Over the last six months, Google has been doing a full house clean — or maybe it’s been shedding an old skin. On the one hand, that’s meant sunsetting products that just aren’t cutting it anymore, like in September when it announced plans to shutter Aardvark, Desktop, Notebook, and Fast Flip, etc. and then last week it continued with saying au revoir (officially) to Wave, Knol, Friend Connect, and more. Then, on the other hand, Google has been updating its look, well, its design.
That meant a bit of a makeover for the Google search page, as the company added a black nav bar at the top of the page (kind of similar to to Drupal’s top bar, no?), a smaller logo, with links moving both to the top and bottom edges of the browser window. Google was after a cleaner, more simplified look — for all of its products. The changes were seen across Search, Maps, Translate, and later Reader (boo, hiss), and even Gmail (meh).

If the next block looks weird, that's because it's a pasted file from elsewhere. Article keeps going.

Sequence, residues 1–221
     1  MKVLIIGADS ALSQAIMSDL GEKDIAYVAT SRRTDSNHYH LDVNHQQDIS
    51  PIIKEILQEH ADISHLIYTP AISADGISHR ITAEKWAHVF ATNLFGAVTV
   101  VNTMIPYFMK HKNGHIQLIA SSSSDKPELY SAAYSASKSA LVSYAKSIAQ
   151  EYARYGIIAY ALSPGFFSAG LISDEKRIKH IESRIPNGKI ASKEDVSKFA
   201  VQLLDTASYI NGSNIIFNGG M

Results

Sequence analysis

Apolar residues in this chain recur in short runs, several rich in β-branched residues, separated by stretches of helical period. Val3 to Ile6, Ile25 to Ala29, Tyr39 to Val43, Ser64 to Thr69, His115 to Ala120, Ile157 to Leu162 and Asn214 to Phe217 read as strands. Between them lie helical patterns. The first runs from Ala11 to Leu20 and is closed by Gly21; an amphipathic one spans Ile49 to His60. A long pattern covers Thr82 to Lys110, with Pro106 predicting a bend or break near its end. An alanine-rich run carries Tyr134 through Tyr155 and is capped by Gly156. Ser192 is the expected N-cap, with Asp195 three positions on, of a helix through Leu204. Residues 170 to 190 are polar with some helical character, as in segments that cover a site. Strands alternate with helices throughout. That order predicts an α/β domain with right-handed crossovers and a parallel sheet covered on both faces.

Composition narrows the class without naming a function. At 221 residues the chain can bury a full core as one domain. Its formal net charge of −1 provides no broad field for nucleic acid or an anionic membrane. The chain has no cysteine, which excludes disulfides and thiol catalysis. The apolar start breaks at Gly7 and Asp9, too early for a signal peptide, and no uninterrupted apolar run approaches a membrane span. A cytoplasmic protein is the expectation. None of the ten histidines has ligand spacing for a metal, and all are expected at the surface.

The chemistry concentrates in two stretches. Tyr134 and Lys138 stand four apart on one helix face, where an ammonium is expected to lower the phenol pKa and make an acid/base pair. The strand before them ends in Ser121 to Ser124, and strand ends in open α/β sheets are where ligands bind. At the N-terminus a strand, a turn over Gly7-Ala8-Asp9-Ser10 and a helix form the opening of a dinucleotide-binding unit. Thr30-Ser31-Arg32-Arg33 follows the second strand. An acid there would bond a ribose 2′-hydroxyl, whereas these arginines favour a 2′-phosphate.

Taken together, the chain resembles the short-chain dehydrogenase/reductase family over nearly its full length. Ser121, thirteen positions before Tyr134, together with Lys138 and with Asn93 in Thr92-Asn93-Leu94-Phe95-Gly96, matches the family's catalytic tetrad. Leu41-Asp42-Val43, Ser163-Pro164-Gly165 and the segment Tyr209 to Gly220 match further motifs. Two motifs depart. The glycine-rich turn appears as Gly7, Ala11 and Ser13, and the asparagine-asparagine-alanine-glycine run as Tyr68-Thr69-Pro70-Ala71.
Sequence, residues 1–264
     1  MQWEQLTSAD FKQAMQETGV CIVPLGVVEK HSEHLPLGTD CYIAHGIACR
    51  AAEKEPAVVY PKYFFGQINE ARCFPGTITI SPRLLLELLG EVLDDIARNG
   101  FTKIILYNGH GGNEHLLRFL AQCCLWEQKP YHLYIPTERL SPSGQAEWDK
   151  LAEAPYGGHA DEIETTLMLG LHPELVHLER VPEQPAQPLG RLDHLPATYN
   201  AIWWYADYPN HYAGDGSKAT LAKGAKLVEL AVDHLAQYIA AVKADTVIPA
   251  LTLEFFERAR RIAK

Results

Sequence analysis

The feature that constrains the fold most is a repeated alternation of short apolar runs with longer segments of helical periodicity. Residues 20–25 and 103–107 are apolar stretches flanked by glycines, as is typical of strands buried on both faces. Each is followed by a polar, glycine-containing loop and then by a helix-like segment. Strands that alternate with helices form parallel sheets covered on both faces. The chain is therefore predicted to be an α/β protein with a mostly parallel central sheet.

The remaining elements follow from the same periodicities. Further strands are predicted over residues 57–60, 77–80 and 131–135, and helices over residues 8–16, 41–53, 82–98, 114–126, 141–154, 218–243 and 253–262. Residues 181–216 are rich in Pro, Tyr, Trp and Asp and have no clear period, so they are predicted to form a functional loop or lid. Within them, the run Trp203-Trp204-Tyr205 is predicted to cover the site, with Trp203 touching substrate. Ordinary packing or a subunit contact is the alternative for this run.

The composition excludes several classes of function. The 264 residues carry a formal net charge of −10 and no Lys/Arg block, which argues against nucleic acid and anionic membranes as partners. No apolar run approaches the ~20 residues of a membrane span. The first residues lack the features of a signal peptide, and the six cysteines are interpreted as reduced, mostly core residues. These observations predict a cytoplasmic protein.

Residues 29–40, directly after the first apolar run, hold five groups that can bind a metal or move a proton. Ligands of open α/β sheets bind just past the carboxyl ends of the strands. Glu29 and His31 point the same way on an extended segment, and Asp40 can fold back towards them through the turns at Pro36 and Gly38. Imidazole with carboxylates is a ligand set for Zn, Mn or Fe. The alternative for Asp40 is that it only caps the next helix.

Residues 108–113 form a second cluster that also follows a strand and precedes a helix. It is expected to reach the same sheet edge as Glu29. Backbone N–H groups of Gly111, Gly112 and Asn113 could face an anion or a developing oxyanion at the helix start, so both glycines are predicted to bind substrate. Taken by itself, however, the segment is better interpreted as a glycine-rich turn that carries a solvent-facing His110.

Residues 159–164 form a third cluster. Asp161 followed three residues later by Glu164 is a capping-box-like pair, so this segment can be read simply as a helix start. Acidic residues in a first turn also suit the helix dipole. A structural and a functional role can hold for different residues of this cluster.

Really, Google has been trying to make its home, Search page feel a bit like your desktop, giving you a presumably quicker way (in one place) to access all of their products (and your stuff), with top priority being given to rolling out Google+ integration across each and all of those products.
Today, Google announced on its blog that it’s “ready for the next stage” of its redesign, which apparently includes a new Google bar that will enable users to presumably even more quickly switch between each of its products, and share easily with
Robert Scoble Google+ users.
That means arrivederci to the black bar. The black toolbar will be replaced by a new gray “drop-down Google menu nested under the Google logo”. This will include a list of links, along with Google’s services, which can be accessed by hovering over the “More” link at the bottom of the list.
Black nav bar, we hardly knew ye. I was just starting to get used to it, but it was also kind of annoying, and I like the subtraction of that glaring black bar, the idea of more space, and the fact that I will now be able to search the contents of the Google products I’m using. Even if this is part of the Google mantra of “more blank space for no reason”, as one of my colleagues quipped.
I may have to click a few more times, but it keeps the design and feel consistent, especially considering the recent redesign of the Chrome Web Store. As long as consistency isn’t sought after at the sake of ease of use, Google’s design tweaks are welcome.